“South Korean authorities raided Novartis offices in search of evidence the company provided bribes to local doctors, according to media reports. The Seoul Western District Prosecutors’ Office confiscated various documents, including account books, in order to determine whether rebates the drug maker offered physicians may have actually been bribes.”

Mondelēz International, Inc.

Approximately five years ago (see here for the prior post), Kraft Foods disclosed FCPA scrutiny resulting from its acquisition of Cadbury in connection with a manufacturing facility in India.  Kraft, now known as Mondelēz International, Inc., recently disclosed:

“As we previously disclosed, on February 1, 2011, we received a subpoena from the SEC in connection with an investigation under the FCPA, primarily related to a facility in India that we acquired in the Cadbury acquisition. The subpoena primarily requests information regarding dealings with Indian governmental agencies and officials to obtain approvals related to the operation of that facility. We are continuing to cooperate with the U.S. and Indian governments in their investigations of these matters, including through ongoing meetings with the U.S. government to discuss potential conclusion of the U.S. government investigation. On February 11, 2016, we received a “Wells” notice from the SEC indicating that the staff has made a preliminary determination to recommend that the SEC file an enforcement action against us for violations of the books and records and internal controls provisions of the Exchange Act in connection with the investigation. We intend to make a submission to the staff of the SEC in response to the notice.”

So-called Wells Notices are rare in the FCPA context for the simple reason that few issuers actually publicly push back against the SEC.  See here for an example of a company that prevailed against the SEC after receiving a Wells Notice.

Key Energy Services

The company has been under FCPA scrutiny since Spring 2014 and continues to bleed cash in connection with its scrutiny. In this recent filing, the company disclosed $2.7 million “related to” its FCPA scrutiny.

Sweet Group

The U.K. Serious Fraud Office recently announced:

“Construction and professional services company Sweett Group PLC was … sentenced and ordered to pay £2.25 million as a result of a conviction arising from a Serious Fraud Office investigation into its activities in the United Arab Emirates. The company pleaded guilty in December 2015 to a charge of failing to prevent an act of bribery intended to secure and retain a contract with Al Ain Ahlia Insurance Company (AAAI), contrary to Section 7(1)(b) of the Bribery Act 2010. The relevant conduct occurred between 1 December 2012 and 1 December 2015.”

In the release, David Green (Director of the SFO) stated:

“Acts of bribery by UK companies significantly damage this country’s commercial reputation. This conviction and punishment, the SFO’s first under section 7 of the Bribery Act, sends a strong message that UK companies must take full responsibility for the actions of their employees and in their commercial activities act in accordance with the law.”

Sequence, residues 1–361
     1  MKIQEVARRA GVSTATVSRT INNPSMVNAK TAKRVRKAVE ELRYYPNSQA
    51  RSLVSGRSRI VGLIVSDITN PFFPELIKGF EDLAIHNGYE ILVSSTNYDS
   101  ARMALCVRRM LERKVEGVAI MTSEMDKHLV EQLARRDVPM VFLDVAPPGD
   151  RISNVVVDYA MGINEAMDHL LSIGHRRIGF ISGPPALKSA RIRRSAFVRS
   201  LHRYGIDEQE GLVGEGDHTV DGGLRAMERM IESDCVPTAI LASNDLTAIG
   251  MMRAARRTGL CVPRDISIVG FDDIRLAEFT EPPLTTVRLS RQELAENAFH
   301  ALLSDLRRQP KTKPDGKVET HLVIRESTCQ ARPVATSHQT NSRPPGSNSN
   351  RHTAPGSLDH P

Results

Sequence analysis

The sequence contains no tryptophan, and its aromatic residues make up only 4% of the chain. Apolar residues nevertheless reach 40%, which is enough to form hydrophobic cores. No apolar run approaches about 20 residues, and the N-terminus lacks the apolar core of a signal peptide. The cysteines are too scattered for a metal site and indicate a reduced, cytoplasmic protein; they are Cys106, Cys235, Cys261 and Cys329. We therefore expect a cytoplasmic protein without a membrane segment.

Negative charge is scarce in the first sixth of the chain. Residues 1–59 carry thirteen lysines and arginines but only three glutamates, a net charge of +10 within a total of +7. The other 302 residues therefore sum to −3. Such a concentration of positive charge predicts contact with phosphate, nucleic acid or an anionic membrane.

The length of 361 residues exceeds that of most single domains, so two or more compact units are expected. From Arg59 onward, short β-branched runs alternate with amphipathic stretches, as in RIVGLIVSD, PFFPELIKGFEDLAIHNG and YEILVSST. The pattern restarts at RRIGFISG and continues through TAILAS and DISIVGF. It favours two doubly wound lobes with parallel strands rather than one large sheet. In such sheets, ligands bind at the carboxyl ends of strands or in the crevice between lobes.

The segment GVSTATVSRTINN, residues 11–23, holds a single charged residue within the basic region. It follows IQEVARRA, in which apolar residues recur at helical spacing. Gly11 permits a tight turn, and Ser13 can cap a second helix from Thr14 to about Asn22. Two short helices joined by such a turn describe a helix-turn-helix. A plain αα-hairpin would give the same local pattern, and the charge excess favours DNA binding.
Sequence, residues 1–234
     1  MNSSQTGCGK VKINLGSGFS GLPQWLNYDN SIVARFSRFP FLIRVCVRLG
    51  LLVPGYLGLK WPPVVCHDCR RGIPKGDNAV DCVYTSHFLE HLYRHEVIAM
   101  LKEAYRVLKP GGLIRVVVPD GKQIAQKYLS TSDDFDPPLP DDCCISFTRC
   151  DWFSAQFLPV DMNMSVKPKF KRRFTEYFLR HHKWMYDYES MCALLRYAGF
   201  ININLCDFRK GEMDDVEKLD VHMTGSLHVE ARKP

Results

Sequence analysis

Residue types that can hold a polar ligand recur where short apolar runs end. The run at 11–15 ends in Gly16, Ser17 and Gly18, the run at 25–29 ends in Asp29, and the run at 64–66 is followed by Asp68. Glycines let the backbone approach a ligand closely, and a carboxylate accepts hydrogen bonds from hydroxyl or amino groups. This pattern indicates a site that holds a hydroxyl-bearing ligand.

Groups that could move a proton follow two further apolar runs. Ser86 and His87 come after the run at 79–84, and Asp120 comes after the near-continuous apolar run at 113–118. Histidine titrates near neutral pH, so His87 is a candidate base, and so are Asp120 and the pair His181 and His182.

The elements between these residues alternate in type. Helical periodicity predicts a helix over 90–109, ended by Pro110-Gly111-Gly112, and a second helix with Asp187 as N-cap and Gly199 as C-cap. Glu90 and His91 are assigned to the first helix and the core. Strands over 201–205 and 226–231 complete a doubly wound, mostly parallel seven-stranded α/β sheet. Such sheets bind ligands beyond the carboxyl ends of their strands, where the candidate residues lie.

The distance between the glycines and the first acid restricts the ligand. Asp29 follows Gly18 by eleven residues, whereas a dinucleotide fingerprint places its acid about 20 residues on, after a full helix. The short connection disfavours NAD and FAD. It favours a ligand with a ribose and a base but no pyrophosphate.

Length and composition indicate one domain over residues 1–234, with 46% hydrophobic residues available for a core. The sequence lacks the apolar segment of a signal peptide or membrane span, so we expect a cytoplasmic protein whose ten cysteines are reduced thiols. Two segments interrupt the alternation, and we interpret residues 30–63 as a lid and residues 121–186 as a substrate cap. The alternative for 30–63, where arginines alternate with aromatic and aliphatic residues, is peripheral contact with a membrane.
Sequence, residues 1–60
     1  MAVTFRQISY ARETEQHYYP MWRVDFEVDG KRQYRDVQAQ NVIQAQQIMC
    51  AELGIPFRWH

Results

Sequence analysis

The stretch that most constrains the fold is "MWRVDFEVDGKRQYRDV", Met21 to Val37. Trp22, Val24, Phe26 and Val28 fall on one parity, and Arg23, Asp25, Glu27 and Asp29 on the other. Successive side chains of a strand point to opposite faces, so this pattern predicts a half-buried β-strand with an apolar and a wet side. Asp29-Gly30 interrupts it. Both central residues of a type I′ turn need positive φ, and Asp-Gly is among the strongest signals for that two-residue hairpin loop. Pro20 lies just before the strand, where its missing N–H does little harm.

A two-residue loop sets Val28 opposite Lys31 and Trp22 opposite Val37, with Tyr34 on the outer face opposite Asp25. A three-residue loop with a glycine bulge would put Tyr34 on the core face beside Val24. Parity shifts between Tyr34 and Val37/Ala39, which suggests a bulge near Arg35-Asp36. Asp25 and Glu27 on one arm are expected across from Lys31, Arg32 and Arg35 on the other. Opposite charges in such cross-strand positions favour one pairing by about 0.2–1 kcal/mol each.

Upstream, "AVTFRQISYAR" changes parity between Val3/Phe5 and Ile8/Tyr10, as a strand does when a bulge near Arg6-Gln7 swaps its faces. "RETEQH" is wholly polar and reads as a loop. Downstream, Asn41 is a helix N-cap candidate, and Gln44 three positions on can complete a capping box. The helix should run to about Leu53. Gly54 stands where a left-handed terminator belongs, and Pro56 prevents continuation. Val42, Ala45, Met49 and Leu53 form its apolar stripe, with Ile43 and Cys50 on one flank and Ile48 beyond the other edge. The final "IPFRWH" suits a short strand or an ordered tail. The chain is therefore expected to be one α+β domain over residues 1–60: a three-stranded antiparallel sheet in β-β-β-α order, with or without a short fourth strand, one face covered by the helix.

As further noted in the release:

“His Honour Judge Beddoe described the offence as a system failure and said that the offending was patently committed over a period of time. Referring to Section 7 of the Bribery Act 2010 and to Sweett’s ignorance of its subsidiary’s actions , HHJ Bedoe said:

The whole point of section 7 is to impose a duty on those running such companies throughout the world properly to supervise them. Rogue elements can only operate in this way – and operate for so long – because of a failure properly to supervise what they are doing and the way they are doing it.

The SFO’s investigation into Sweett Group PLC, which commenced on 14 July 2014, uncovered that its subsidiary company, Cyril Sweett International Limited had made corrupt payments to Khaled Al Badie, the Vice Chairman of the Board and Chairman of the Real Estate and Investment Committee of AAAI to secure the award of a contract with AAAI for the building of the Rotana Hotel in Abu Dhabi. The amount is broken down as £1.4m in fine, £851,152.23 in confiscation. Additionally, £95,031.97 in costs were awarded to the SFO.”

Maxwell Technologies

In 2011, Maxwell Technologies (a California-based manufacturer of energy storage and power delivery products) resolved parallel DOJ and SEC FCPA enforcement actions concerning alleged business conduct in China by agreeing to pay approximately $14 million. The company recently disclosed:

“In January 2011, we reached settlements with the SEC and the U.S. Department of Justice (“DOJ”) with respect to charges asserted by the SEC and DOJ relating to the anti-bribery, books and records, internal controls, and disclosure provisions of the U.S. Foreign Corrupt Practices Act (“FCPA”) and other securities laws violations. We paid the monetary penalties under these settlements in installments such that all monetary penalties were paid in full by January 2013. With respect to the DOJ charges, a judgment of dismissal was issued in the U.S. District Court for the Southern District of California on March 28, 2014.